Every couple of hours I stand by the window in my flat and look out. It’s a chance to rest my eyes. They can look at something in the distance and move between points of focus. For five or ten minutes my eyes escape the confines of a 3 room flat where nothing is more than 8 metres away.
Opposite are houses converted to flats. I’m above them and often look out across their rooftops at the distant lands. Sometimes my eyes lower.
A woman stands at her window from time to time. She wears nothing but a bra and pushes her breasts against the pane. This scene lasts for one or two minutes before she goes inside. Sometimes she’s alone. Sometimes her partner, shirtless and toned, stands in the window beside her. I try not to stare, though my eyes are drawn to her now and then.
Once she saw me and smiled. She didn’t duck inside or gesticulate wildly. She just smiled, then carried on looking at the world passing by her locked down window.
We’re in an artificial world. Locked in our homes for 22 or 23 hours a day, we are cut off from the constant stream of messages coming from people around us. The looks of approval at our fashion sense. Eyes drifting up and down our bodies. Disapproval. Distaste. Attraction. Repulsion. A subtle sense this is how we fit in the world.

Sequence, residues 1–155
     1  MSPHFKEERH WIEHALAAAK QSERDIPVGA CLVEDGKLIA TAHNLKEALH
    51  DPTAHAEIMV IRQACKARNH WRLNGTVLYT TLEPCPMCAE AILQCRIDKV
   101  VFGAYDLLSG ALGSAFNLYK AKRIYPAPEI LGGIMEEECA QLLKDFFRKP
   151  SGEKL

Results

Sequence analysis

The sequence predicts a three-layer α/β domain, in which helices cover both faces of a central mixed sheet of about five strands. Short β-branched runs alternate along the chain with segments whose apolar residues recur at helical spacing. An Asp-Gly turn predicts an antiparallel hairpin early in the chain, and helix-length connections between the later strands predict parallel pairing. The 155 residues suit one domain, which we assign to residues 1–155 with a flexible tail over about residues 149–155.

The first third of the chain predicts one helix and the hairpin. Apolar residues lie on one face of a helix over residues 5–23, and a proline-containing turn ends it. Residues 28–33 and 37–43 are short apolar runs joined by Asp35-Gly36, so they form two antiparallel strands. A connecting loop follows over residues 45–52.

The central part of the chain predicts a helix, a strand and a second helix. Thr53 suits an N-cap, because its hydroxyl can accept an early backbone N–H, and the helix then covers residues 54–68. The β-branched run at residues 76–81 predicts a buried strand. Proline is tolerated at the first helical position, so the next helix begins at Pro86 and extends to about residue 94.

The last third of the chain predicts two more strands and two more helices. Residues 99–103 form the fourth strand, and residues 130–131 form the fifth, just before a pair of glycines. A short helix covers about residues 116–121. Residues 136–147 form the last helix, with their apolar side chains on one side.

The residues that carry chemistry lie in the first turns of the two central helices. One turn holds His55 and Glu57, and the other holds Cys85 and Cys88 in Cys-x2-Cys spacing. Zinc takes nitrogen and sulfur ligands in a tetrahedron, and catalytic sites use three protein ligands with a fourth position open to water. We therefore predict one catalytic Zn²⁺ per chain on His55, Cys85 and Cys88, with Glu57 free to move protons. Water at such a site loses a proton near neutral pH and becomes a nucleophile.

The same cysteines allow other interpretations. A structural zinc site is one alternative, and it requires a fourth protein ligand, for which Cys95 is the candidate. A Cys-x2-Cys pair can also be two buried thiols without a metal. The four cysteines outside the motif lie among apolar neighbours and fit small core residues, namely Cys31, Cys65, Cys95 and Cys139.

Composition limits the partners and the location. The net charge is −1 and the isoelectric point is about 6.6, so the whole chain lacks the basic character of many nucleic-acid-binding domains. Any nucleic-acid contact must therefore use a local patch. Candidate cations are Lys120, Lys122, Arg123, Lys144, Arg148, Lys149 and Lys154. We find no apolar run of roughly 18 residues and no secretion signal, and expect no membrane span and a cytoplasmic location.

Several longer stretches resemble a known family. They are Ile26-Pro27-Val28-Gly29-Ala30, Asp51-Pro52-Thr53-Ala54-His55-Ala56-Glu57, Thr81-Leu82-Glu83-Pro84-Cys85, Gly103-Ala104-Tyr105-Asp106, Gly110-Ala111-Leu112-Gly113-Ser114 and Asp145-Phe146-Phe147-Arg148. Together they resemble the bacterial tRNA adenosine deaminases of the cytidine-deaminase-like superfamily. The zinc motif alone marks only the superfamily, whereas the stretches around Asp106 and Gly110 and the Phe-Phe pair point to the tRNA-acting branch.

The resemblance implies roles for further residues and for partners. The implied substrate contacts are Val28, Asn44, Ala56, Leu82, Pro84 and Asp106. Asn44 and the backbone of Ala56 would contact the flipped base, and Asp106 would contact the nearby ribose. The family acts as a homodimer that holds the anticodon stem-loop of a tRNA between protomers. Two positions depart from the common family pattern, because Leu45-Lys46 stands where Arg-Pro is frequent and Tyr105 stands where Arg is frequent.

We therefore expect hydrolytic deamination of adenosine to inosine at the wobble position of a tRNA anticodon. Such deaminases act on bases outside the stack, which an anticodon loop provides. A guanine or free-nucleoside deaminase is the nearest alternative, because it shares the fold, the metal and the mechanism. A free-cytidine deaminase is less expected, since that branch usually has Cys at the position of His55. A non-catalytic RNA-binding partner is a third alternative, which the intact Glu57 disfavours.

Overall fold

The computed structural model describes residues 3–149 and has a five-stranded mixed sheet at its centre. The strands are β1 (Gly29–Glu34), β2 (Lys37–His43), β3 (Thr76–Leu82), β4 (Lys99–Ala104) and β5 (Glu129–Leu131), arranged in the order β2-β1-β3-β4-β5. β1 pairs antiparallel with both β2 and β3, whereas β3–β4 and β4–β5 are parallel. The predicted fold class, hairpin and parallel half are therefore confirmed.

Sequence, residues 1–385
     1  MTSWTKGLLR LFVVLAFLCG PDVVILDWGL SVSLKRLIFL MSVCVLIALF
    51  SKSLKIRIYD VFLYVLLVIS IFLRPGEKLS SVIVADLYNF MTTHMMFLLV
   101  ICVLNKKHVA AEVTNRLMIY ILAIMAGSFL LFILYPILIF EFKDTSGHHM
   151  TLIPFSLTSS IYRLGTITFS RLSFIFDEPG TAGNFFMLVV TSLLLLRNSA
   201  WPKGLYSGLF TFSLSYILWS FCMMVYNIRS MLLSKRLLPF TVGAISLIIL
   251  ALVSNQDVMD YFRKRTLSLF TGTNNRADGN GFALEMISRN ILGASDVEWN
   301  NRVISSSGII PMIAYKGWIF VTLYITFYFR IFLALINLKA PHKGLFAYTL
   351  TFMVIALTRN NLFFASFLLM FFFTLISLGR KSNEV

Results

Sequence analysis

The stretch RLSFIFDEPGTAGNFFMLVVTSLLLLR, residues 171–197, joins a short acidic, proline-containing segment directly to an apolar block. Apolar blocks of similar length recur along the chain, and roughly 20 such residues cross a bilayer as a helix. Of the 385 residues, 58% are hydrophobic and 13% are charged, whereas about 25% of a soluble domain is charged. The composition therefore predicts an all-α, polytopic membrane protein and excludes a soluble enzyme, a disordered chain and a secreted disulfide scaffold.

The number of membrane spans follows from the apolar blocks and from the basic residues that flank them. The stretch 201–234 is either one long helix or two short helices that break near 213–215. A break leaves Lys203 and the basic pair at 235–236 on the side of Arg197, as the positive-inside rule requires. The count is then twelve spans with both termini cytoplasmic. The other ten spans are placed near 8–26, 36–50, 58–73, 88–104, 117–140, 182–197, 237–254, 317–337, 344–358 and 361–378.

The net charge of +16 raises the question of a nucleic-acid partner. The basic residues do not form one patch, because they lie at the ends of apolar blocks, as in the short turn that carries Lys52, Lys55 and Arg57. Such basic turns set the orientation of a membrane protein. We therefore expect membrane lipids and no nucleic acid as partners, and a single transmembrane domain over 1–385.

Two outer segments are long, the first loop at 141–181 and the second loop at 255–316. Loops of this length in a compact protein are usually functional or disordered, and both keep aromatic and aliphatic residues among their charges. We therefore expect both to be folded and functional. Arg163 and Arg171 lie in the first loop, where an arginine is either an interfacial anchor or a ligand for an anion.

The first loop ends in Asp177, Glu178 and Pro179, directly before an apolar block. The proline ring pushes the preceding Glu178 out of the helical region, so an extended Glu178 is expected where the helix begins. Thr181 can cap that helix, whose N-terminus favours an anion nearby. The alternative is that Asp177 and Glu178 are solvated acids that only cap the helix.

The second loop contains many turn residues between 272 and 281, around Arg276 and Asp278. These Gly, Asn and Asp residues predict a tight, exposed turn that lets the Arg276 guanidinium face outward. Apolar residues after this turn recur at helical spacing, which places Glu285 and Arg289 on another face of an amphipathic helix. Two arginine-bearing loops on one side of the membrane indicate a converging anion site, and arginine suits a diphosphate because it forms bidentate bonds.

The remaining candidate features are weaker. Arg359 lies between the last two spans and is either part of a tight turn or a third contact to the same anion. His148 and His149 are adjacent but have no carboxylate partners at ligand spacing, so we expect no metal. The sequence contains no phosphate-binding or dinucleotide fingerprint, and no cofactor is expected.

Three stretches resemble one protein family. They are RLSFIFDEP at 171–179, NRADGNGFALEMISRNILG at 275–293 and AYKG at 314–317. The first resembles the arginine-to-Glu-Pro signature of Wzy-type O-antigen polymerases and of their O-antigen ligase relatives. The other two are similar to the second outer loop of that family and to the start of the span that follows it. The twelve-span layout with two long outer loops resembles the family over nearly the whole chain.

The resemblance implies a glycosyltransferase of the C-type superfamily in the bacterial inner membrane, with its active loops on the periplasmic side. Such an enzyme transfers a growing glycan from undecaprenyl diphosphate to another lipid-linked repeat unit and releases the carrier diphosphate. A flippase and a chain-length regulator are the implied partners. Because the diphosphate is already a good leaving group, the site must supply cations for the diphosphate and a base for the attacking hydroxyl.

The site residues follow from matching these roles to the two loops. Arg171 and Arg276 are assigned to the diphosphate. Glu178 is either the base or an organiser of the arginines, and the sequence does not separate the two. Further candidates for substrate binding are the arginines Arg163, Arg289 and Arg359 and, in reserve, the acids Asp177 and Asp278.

Isolated from the physical, we need to find fresh ways of recharging our sense of self. Little wonder that people have flooded to Instagram, TikTok and Twitter to share scenes from a life disrupted. We need validation from other people liking, sharing and commenting on the selfies and snapshots we offer. Even those of us who are more introverted have reached out.
Perhaps that’s all my neighbour seeks. Not a prolonged letch by a horny neighbour, but the glance of attraction from another human being. A moment when she can see an honest reaction and be reassured the world is still there.
Maybe I hang out the window just to remind everyone I exist.
Tagged: Mental Health
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